[OPE-L] "Overaccumulation"

From: Jurriaan Bendien (adsl675281@TISCALI.NL)
Date: Tue Oct 10 2006 - 13:42:25 EDT

Well, when Marxists talk about "overaccumulation" it is often not clear to
me what this means. Overaccumulation of what, in relation to what? The
argument Grossman gives is essentially that the economic system by nature
tends towards the overproduction of constant capital, such that insufficient
surplus-value is produced to valorise it, with as result a falling rate of
profit. This is the main outcome of increases in physical productivity.  But
whether this adequately describes the real situation nowadays I am not
really sure. What we have these days is relatively high or rising average
profitability, stagnating growth of real wages and relatively low increases
in new fixed investment in production. So you might say, a rising S/V
coupled to sluggish or stagnating demand growth by the mass of ordinary
consumers, but a large fraction of the additional profit is not reinvested
in production, and presumably it is used for property investments, luxuries
and speculative deals. But this is not necessarily overaccumulation, merely
a shift in the type of accumulation, or, one might say, "capitalist growth
with the brakes on". To verify the real proportions and dimensions of this
would take a lot of research which I am unable to do however right now.

Here's a clip though from the Boston Globe:

Workers do more, but wages fall short
Productivity link broken, study says

By Robert Gavin, Globe Staff  | Boston Globe: October 10, 2006

Massachusetts workers are producing more than ever, and doing it more
efficiently, but their earnings have barely budged since the end of the
Dukakis administration, a Northeastern University study concludes. The
study, by Northeastern's Center for Labor Market Studies, found the state's
median annual earnings, adjusted for inflation, have risen just $546 -- 1.2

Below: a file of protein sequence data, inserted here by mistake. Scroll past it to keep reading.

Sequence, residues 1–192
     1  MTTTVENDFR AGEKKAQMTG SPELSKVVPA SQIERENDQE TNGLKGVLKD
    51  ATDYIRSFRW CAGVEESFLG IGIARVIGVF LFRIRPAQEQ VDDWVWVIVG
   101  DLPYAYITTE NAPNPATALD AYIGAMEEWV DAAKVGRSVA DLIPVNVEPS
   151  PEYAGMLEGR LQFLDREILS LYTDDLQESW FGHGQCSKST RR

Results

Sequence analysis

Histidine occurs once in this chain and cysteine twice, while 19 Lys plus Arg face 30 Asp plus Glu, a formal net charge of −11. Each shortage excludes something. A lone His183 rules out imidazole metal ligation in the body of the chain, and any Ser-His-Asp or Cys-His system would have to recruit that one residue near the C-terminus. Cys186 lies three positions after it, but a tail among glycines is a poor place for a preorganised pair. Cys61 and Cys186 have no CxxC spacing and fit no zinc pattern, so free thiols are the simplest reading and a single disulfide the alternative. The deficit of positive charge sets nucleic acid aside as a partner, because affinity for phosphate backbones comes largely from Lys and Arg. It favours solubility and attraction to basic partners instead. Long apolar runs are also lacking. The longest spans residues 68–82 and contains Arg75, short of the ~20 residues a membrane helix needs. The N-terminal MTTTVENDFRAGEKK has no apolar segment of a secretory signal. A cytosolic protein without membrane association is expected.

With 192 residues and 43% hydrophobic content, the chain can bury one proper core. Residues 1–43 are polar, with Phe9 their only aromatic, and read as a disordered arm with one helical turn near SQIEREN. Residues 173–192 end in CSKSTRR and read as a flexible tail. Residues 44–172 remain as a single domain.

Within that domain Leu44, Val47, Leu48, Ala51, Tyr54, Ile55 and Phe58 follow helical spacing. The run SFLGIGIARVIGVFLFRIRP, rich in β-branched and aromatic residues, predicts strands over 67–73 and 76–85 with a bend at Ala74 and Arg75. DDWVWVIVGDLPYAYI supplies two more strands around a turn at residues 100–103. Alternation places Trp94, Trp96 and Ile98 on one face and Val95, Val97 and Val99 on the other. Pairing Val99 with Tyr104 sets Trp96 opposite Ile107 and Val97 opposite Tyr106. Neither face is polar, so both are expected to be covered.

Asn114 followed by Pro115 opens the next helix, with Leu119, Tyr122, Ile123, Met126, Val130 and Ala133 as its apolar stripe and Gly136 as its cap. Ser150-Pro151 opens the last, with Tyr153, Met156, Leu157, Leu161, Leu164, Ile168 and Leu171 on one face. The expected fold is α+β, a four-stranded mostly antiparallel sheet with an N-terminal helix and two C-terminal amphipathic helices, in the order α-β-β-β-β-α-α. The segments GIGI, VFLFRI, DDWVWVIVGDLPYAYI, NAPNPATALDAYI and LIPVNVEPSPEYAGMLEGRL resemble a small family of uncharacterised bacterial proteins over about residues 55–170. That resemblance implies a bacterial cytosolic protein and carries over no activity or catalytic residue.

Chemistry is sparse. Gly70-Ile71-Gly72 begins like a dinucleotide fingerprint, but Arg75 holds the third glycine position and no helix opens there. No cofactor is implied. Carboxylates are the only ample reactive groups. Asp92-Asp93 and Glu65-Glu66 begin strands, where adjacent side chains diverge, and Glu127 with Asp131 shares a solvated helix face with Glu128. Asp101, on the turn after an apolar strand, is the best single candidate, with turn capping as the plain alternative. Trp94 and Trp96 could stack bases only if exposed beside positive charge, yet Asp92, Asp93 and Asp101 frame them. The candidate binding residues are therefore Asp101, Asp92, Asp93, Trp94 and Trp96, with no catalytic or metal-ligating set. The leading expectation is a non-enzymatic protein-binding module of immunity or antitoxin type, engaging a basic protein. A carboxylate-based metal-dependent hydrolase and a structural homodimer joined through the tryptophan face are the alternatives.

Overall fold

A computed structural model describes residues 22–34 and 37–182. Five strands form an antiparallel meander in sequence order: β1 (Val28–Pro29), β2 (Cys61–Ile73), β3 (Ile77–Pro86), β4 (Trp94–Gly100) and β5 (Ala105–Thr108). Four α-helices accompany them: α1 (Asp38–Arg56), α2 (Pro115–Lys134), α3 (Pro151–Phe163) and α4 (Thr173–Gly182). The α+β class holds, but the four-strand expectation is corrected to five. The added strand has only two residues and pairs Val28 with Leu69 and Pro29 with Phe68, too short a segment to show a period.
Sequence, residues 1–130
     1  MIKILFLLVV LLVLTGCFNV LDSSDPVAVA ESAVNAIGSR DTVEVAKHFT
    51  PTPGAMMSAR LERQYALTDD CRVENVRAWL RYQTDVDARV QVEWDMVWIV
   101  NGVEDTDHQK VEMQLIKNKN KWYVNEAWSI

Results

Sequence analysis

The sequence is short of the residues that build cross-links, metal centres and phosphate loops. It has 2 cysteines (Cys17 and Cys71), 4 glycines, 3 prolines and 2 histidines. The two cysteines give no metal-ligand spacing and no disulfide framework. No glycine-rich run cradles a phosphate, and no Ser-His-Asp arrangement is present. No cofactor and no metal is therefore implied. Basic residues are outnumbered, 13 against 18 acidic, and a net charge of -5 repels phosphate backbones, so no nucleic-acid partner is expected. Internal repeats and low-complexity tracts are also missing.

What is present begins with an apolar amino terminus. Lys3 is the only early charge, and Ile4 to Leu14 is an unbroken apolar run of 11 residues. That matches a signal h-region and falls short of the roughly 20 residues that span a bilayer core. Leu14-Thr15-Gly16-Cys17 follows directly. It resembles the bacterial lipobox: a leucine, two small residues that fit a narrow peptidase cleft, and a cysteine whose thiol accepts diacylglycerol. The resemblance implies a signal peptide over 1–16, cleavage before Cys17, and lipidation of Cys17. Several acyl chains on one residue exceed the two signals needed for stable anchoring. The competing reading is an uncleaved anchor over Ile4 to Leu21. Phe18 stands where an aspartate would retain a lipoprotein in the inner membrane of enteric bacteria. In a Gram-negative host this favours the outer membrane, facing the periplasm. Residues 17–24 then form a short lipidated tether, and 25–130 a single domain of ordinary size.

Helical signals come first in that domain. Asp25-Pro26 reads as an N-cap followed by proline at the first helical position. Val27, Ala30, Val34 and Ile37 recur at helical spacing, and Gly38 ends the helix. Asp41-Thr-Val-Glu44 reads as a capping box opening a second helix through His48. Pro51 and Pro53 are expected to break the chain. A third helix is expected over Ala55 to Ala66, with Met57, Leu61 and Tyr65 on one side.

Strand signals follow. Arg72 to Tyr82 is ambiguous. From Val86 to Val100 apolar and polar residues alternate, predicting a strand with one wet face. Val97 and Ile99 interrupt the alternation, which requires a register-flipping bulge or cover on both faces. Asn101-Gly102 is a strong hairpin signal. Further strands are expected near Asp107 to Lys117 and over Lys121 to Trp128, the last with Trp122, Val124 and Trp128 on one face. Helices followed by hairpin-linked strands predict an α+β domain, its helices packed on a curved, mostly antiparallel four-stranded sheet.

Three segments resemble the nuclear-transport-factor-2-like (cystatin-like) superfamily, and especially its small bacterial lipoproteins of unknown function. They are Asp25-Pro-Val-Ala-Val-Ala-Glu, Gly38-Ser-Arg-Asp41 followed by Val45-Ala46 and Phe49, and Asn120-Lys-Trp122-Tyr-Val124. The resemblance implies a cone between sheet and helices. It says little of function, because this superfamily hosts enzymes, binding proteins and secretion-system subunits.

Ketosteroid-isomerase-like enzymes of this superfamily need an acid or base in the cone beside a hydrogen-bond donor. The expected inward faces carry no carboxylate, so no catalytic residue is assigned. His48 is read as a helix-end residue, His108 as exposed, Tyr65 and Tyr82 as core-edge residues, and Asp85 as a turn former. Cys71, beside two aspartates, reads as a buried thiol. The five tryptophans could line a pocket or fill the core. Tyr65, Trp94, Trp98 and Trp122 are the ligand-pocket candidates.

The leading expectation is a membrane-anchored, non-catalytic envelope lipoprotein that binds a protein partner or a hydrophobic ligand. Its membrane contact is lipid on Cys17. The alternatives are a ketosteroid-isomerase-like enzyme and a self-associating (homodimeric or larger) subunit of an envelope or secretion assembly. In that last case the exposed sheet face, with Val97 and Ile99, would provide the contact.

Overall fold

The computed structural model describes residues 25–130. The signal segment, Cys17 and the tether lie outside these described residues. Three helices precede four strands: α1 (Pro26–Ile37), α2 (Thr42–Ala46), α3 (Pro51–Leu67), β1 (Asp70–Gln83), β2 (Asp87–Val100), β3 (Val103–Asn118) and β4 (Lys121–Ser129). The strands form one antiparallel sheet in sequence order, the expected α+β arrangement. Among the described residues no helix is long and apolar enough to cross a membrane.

percent -- since 1989. Meanwhile, productivity, or the amount produced by a
worker in the same amount of time, soared nearly 50 percent in that period.
In other words, the typical employee is working harder, faster, and smarter,
but getting few of the benefits, said Andrew Sum, the center's director and
study's lead author. Historically, higher productivity has led to higher
earnings after inflation. But globalization and other economic forces are
breaking the link between productivity and wages, redistributing gains to
consumers, corporations, and the richest workers. For example, corporate
profits are grabbing a bigger share of the nearly $300 billion realized from
the production of goods and services in the state's private sector,
according to the center's analysis of the most recent Commerce Department
data. From 2001 to 2004, the share going to profits rose to 34 percent from
32 percent. The share going to employee compensation fell to less than 60
percent from more than 62 percent. ``Despite productivity gains, workers
have nothing to show for it in their pockets," Sum said. ``The average
worker is just treading water." (...) Some economists, however, disagree the
link between productivity and earnings is broken. David Tuerck, executive
director of the Beacon Hill Institute, a think tank at Suffolk University,
said analyses that rely on median or average earnings present a misleading
picture of workers' well-being. Such studies, he said, fail to capture
workers moving up the pay scale as they gain skills and experience, a key
aspect of the US labor force. (...)

Complete article (which has more details):

"The ultimate reason for all real crises always remains the poverty and
restricted consumption of the masses, set against the drive of capitalist
production to develop the productive forces as though only the absolute
consuming power of society constituted their outer limit" - Marx

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